Eating large amounts of saturated fat or red meat may increase the risk of breast cancer, a study suggests.
Scientists warned against eating large amounts of red meat
Previous studies have also indicated a link. However, scientists have been unsure as to whether other factors, such as being obese, play a role.
This latest study, published in the British Journal of Cancer, suggests eating large amounts of these foods can by themselves increase the risk.
Experts said the findings highlighted the importance of healthy eating.
Dr Norman Boyd and colleagues at the Ontario Cancer Institute in Canada analysed data from all of the published literature on dietary fat and breast cancer.
The looked at 45 separate studies, involving 580,000 healthy women and 25,000 breast cancer patients.
They analysed the data from these studies, taking into account other known and suspected risk factors for breast cancer.
They then compared women with the highest and lowest fat intake, in order to assess whether or not dietary fat was contributing to the disease.
There are two types of fats - saturated and unsaturated fats. Saturated fats are sometimes referred to as "bad" fats. They are found in animal products such as butter,
cheese, whole milk, ice cream, cream, and fatty meats
There are two types of unsaturated fats - monounsaturated and polyunsaturated.
These are sometimes referred to as "good" fats. They are found in olive oil and nuts.
The researchers found that women who ate high amounts of saturated fat were on average around 20% more likely to develop breast cancer than women who ate low amounts.
By comparison, women who ate large amounts of monounsaturated fats were around 10% more likely to develop the disease. This figure is not deemed significant in scientific terms.
Overall, women who ate large amounts of fats were 13% more likely to develop breast cancer, a small but significant figure.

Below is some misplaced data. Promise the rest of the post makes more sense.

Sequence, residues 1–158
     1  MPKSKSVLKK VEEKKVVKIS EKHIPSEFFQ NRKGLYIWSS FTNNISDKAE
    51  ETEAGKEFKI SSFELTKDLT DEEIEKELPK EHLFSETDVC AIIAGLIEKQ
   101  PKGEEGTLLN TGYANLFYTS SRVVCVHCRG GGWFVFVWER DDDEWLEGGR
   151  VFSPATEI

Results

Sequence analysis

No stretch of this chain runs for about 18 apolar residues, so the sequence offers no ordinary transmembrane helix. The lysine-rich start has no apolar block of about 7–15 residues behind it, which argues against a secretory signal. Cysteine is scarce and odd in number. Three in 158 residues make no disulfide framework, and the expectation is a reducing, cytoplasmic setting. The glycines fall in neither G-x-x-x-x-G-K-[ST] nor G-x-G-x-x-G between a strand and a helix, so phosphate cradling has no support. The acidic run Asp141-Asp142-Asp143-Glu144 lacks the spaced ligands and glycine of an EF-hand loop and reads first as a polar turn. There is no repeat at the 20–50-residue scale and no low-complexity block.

The study also found that women who at large amounts of meat were 17% more likely to develop breast cancer than those who ate little or none.
The researchers said their figures may actually underestimate the true risk.
"We already know that being obese can increase the risk of a range of cancers, but evidence is building that eating large amounts of fat, particularly the saturated kind, can independently increase risk," said Dr Boyd.
"Our analysis of all the available research suggests there is indeed an association with saturated fat and breast cancer.
"The increase in risk seems fairly modest, even among very high consumers of fat, although the difficulties in measuring dietary intake mean we could be under-estimating the true scale of the effect.
"In any case, the effect seems to be over and above the increase in risk from obesity and underlines the message that high consumption of fat is bad for your health."
Dr Lesley Walker, director of cancer information at Cancer Research UK, welcomed the study.
"It's been very difficult to separate out the effects of dietary fat and obesity and previous studies have been inconclusive.
"But by combining data from a wide range of studies using different methods and including a very large number of people, this research provides the strongest indication yet that dietary fat has an independent effect on the risk of breast cancer.
"Tying down the various dietary contributors to cancer is important, as it will allow us to give the best possible advice about how to avoid cancer.
"The effect of dietary fat looks quite small, but the results add weight to the importance of a healthy, balanced diet, low in saturated fat and containing plenty of fruit and vegetables."